Factors that affect the rate of corrosion
Four elements need to be present for corrosion to occur and collectively referred to as the corrosion cell: an anode (+), a cathode (-), a metallic conductor and an electrolyte. Changing the potency of the electrolyte affects the rate of corrosion. Corrosion rates are determined by a variety of factors; however, five factors do play an overwhelmingly important role in determining corrosion rates.
- Oxygen: Like water, oxygen increases the rate of corrosion. Corrosion can take place in an oxygen-deficient environment, but the rate of the corrosion reaction (and destruction of the metal) is generally much slower. In immersed conditions, if an electrolyte is in contact with one area of metal containing more oxygen than the electrolyte in contact with another area of the metal, the higher oxygen-concentration area is cathodic relative to the remaining surface. An oxygen concentration cell then forms, which results in rapid corrosion.
- Temperature: Corrosion reactions are electrochemical in nature and usually accelerate d with increasing temperature; therefore, corrosion proceeds faster in warmer environments than in cooler ones.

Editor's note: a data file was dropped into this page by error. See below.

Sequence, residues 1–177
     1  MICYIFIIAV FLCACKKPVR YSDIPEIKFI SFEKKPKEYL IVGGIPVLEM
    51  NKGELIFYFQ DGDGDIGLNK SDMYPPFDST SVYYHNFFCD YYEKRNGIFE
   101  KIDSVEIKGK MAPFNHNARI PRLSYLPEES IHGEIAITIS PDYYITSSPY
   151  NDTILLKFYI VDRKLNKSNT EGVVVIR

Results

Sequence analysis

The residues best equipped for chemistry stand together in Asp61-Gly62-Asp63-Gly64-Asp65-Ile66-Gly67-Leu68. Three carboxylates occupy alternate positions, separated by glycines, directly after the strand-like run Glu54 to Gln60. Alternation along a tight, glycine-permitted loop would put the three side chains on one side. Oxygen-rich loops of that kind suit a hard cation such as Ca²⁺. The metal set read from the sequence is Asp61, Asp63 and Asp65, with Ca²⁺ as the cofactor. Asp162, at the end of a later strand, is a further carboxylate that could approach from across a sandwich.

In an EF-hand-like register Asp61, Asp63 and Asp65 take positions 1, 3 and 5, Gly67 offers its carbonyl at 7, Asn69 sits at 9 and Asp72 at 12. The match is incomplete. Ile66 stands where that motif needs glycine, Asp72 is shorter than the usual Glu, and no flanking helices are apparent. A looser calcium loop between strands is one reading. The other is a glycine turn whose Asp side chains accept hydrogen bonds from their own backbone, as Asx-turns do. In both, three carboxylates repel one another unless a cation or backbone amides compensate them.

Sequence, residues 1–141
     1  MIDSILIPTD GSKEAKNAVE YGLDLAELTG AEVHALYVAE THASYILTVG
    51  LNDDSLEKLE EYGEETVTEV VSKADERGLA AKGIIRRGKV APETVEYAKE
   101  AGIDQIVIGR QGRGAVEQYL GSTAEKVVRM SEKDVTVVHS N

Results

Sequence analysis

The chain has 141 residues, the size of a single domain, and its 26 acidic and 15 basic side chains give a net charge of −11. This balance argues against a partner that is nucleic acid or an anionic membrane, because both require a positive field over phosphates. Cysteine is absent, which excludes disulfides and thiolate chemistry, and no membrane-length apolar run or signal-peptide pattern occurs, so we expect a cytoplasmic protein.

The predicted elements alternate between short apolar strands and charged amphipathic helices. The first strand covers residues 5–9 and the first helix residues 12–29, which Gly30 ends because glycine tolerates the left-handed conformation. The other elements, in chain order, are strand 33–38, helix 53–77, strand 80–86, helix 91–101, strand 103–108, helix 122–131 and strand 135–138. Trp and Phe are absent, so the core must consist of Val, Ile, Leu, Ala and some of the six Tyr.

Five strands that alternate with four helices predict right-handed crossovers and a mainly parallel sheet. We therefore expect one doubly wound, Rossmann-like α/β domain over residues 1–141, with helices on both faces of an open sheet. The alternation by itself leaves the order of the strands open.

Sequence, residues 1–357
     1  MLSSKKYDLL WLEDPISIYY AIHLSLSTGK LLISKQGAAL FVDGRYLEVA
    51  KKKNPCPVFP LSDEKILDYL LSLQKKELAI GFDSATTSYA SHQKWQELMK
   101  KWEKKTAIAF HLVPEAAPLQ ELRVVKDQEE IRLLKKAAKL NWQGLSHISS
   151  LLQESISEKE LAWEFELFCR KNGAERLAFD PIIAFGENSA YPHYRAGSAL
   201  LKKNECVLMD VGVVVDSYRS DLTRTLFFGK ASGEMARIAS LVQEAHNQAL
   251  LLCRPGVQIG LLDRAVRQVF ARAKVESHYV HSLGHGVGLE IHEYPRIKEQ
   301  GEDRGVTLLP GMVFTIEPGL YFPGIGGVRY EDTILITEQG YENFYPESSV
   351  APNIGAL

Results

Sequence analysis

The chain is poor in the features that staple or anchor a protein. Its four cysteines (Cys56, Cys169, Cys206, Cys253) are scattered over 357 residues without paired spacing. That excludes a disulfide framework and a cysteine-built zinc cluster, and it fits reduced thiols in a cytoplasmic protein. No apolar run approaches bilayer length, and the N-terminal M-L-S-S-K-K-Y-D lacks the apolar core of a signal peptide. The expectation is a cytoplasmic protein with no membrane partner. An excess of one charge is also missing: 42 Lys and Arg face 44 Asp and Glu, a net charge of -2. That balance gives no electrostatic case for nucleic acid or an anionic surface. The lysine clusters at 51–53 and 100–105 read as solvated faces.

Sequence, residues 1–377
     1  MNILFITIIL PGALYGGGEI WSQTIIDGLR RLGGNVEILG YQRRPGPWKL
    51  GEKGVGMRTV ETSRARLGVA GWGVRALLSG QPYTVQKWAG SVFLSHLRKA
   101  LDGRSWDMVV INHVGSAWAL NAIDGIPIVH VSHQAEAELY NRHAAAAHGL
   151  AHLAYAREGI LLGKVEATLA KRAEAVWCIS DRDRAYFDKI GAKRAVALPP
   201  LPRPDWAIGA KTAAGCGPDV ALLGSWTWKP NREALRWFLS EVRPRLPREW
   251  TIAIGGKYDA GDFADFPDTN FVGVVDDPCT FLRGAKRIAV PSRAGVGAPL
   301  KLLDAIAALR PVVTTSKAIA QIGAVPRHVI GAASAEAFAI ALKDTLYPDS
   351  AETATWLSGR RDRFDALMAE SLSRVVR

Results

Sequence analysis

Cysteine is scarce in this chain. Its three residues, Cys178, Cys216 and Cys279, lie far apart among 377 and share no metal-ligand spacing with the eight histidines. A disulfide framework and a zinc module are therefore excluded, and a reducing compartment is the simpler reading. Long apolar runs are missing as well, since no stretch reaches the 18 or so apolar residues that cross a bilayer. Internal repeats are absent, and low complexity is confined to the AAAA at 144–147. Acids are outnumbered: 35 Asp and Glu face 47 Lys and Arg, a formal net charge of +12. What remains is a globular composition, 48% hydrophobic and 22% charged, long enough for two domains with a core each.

- Chemical Salts: Chemical salts increase the rate of corrosion by increasing the efficiency (conductivity) of the electrolyte. The most common chemical salt is sodium chloride, a major element of seawater. Sodium chloride deposited on atmospherically exposed surfaces also acts as a hygroscopic material (i.e., it extracts moisture from the air), which then increases the corrosion in non-immersed areas.
- Humidity: Humidity and time-of-wetness play a large role in promoting and accelerating corrosion rates. Time-of-wetness refers to the length of time an atmospherically exposed substrate has sufficient moisture to support the corrosion process. The wetter the environment, the more corrosion is likely to occur.
- Pollutants: Acid rain (a chemical by-product from manufacturing and processing plants), and chlorides (in coastal areas) promote corrosion. Acid gases, such as carbon dioxide, can also dissolve in a film of moisture in contact with the metal.
Protective coatings can control one of these elements-that of the electrolyte. Applying a tightly adhered continuous protective film over the surface of the metal, we control the rate of corrosion or eliminate it altogether. Working with a coatings professional you can identify the specific corrosion control needs of your infrastructure and select the appropriate coatings that will best serve your business.
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